Yesterday, former doctor Mark Benson was sentenced to 30 years in prison for driving under the influence and killing 39-year-old Jennifer Bukosky, her 10-year-old daughter, Courtney Bella, and her unborn daughter, Sophie. She left behind her husband, Michael, and a son, 13-year-old Zachary.
During the time of the crash, Benson was driving -- despite a revoked license -- and had taken pain killers and anti-anxiety medication that impaired his driving abilities. His vehicle crashed into Bukosky’s car, which was stopped at an Oconomowoc intersection on April 25, 2008.
Benson pleaded no contest to three charges of homicide by intoxicated use of a motor vehicle and two counts of causing injury by intoxicated use of a motor vehicle. Judge J. Mac Davis sentenced Benson to 30 years in prison, but could have given him 50 years or more.
Two days prior to the 2008 crash, Benson was convicted of his third drunk driving offense and lost his license. For some of Bukosky’s family members, including her father, Paul Jenkins, the post-tragedy focus is to change Wisconsin’s OWI laws to keep repeat offenders off the streets.
According to the Wisconsin Department of Transportation, Wisconsin has the highest rate of drunk driving in the country. Last year, 234 people died in alcohol-related crashes and 4,000 people were injured. Forty percent of the fatal crashes in 2008 were due to alcohol.
The family of Jennifer Bukosky urges people to visit its Web site and sign a petition to make the OWI laws more rigid in Wisconsin.
"No parent is supposed to see their child die before them," says Jenkins.
Just a few hours after Benson's sentencing, OnMilwaukee.com spoke with Jenkins.
OnMilwaukee.com: How do you and your wife feel about the sentence?
Paul Jenkins: Judy and I feel like, given everything, it was a fair sentence. We wanted to see him off the street for many, many years, and the 30-year sentence means he will be off the street until he is a very old man.
OMC: Did you feel Benson was remorseful?
PJ: Judy and I have been to every hearing except one, and we did not feel that Benson expressed remorse. He said some words in court -- and he wrote the letter -- but I find the timing of it suspicious and at best self-serving. Only (Benson) knows if his words are truly remorseful, but I have my doubts.
OMC: Do you and Judy feel any relief?
PJ: To quote Judy, the sentencing closes a chapter of this phase of our lives. But it’s just one chapter. We will work now, as hard as we can, to change the OWI laws that are so regrettably lacking. Currently, Wisconsin has a cowardly approach to the OWI problem in this state ... The state now needs leaders, not politicians to make Wisconsin safe.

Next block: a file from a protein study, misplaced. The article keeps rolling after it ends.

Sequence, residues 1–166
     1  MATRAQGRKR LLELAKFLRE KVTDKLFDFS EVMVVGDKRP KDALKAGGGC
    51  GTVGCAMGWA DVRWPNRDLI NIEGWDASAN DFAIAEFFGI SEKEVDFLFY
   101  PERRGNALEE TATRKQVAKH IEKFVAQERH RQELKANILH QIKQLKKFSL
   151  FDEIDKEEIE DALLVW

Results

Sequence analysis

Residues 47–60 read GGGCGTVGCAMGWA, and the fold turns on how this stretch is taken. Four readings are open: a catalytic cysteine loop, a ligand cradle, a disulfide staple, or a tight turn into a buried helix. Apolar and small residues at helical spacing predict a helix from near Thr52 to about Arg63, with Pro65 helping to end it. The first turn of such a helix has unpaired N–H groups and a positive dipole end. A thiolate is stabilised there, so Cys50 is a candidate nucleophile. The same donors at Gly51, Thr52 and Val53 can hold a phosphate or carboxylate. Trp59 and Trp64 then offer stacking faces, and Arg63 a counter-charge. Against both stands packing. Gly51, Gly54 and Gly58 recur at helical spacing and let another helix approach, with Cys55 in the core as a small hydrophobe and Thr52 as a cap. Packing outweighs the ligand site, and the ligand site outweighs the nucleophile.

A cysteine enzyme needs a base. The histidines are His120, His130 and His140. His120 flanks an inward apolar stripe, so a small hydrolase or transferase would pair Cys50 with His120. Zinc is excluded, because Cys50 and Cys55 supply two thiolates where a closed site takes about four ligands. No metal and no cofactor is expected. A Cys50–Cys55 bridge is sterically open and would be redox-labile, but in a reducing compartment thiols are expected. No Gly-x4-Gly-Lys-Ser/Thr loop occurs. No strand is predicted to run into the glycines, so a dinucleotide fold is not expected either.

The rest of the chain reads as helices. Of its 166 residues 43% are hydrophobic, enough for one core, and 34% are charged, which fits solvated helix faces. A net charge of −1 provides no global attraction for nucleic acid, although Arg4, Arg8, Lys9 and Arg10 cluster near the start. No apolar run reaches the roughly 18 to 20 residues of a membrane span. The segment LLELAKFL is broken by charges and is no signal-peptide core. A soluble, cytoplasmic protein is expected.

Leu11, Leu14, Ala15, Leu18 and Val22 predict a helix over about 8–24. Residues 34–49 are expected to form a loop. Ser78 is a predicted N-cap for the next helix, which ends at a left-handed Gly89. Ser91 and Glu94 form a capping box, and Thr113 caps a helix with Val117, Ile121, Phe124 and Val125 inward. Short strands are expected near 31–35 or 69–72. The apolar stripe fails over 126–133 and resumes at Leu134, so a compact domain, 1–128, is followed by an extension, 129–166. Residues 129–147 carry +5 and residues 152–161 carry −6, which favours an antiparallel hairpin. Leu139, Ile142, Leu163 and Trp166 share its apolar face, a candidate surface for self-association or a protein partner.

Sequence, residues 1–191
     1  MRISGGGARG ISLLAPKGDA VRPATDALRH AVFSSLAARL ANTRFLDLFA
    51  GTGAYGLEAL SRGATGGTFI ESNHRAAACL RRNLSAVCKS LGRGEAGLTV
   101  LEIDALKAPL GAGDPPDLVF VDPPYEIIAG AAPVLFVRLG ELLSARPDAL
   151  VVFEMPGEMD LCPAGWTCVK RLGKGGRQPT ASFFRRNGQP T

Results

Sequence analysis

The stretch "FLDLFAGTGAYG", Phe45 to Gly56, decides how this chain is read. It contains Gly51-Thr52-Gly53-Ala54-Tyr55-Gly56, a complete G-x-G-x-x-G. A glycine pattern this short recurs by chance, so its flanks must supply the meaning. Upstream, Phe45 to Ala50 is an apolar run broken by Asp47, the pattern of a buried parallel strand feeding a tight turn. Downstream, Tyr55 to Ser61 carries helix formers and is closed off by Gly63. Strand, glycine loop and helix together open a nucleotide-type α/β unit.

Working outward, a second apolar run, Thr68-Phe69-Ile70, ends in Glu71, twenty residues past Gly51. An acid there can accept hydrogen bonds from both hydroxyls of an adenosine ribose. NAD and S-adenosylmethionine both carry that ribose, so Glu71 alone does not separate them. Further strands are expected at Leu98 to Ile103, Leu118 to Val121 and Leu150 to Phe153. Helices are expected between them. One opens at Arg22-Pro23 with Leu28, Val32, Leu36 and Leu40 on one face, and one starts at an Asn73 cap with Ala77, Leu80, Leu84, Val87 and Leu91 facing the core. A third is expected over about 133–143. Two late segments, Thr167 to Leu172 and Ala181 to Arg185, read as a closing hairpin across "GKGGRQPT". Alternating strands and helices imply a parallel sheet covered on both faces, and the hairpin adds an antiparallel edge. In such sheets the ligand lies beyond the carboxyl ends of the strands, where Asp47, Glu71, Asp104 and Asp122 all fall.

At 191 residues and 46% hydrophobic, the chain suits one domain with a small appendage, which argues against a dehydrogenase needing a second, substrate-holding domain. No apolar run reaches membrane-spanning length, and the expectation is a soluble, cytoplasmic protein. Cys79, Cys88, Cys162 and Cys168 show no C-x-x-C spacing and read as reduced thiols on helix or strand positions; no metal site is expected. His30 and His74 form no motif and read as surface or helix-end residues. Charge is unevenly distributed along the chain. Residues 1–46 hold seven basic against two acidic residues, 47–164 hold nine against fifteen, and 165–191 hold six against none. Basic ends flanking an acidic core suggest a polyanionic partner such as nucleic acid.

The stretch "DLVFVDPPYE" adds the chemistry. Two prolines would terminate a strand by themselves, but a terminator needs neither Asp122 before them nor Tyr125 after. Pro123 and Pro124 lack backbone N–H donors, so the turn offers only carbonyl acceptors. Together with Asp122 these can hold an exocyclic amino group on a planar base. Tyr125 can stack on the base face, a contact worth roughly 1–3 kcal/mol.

OMC: How is Jennifer’s husband, Michael, and her son, Zachary, doing?
PJ: Michael is beside himself with grief. He lost his wife, a stepdaughter whom he loved very much and his unborn daughter. This has been extremely difficult for Zach, too. This is something no 13-year-old boy should have to endure. It’s very difficult, but he’s trying.
OMC: How are you and Judy?
PJ: It’s the old "one day at a time" for us. Thankfully, people have been so very supportive. We’ve become very close with the Gibbs (family friend Debbie Gibbs was in Bukosky’s car but survived the crash) and they have lended us a shoulder to cry on when it’s time to cry ... It’s very difficult to see Judy in pain. No parent is supposed to see their child die before them, and so tragically and suddenly.
OMC: Yesterday, Judy said she was now able to "move forward." What about professionally?
PJ: Judy is a psychotherapist who specializes in working with children who have suffered a loss, so, no, she is not able to go back to work because, obviously, it would cause so much emotion.
OMC: What now, Paul?
PJ: We do not want people to focus on our grief. Instead, we ask that they help to get legislation in place that toughens up Wisconsin’s OWI laws. We have a petition on our Web site that, literally, can send a letter with the click of a mouse.
Please, call or write your legislators. They have all of the power. We need to make a first OWI offense a crime, have sobriety check points -- and more -- so that we can ensure this state is safe for all drivers.
Molly Snyder grew up on Milwaukee's East Side and today, she lives in the Walker's Point neighborhood with her partner and two sons.
As a full time senior writer, editorial manager and self-described experience junkie, Molly has written thousands of articles about Milwaukee (and a few about New Orleans, Detroit, Indianapolis, Boston and various vacation spots in Wisconsin) that range in subject from where to get the best cup of coffee to an in-depth profile on the survivors of the iconic Norman apartment building that burned down in the '90s.
She also once got a colonic just to report on it, but that's enough on that.
Always told she had a "radio voice," Molly found herself as a regular contributor on FM102, 97WMYX and 1130WISN with her childhood radio favorite, Gene Mueller.
Molly's poetry, essays and articles appeared in many publications including USA Today, The Writer, The Sun Magazine and more. She has a collection of poetry, "Topless," and is slowly writing a memoir.
In 2009, Molly won a Milwaukee Press Club Award. She served as the Narrator / writer-in-residence at the Pfister Hotel from 2013-2014. She is also a story slam-winning storyteller who has performed with The Moth, Ex Fabula and Risk!
When she's not writing, interviewing or mom-ing, Molly teaches tarot card classes, gardens, sits in bars drinking Miller products and dreams of being in a punk band again.